This chapter reviews our approach to large-scale computational modeling of the primary visual cortex (V1). The main objectives of our modeling are to (i) capture groups of experimentally observed phenomena in a single theoretical model of cortical circuitry, and (ii) identify the physiological mechanisms underlying the model dynamics. We have achieved these goals by building parsimonious models based on minimal, yet sufficient, sets of anatomical and physiological assumptions. We have also verified the structural robustness of the proposed network mechanisms. During the modeling process, we have identified a particular operating state of our model cortex from which we believe that V1 responds to changes in visual stimulation. This state is characterized by (i) high total conductance, (ii) strong inhibition, (iii) large synaptic fluctuations, (iv) an important role of NMDA conductance in the orientation-specific, long-range interactions, and (v) a high degree of correlation between the neuronal membrane potentials, NMDA-type conductances, and firing rates. Tuning our model to this operating state in the absence of stimuli, we have used to identify and investigated model neuronal network mechanisms underlying cortical phenomena such including (i) spatiotemporal patterns of spontaneous cortical activity, (ii) cortical activity patterns induced by the Hikosaka line-motion illusion stimulus paradigm, (iii) membrane potential synchronization in nonspiking neurons several millimeters apart, and (iv) neuronal orientation tuning in V1.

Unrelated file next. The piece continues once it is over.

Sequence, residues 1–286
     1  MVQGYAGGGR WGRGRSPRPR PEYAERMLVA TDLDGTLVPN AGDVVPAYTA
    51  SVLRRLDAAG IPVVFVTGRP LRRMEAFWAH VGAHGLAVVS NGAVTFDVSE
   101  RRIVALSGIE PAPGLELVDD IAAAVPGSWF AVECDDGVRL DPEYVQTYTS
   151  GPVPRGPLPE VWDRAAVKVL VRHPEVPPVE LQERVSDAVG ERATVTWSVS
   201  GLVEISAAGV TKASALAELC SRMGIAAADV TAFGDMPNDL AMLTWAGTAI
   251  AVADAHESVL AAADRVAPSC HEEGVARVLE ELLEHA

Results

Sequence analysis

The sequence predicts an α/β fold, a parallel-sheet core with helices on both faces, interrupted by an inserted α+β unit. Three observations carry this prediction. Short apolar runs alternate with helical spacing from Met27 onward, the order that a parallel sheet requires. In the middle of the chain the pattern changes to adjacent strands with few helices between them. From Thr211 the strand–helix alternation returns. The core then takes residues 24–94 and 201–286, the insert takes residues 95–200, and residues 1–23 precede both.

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This work was partly supported by the National Science Foundation through grant DMS-0506287.
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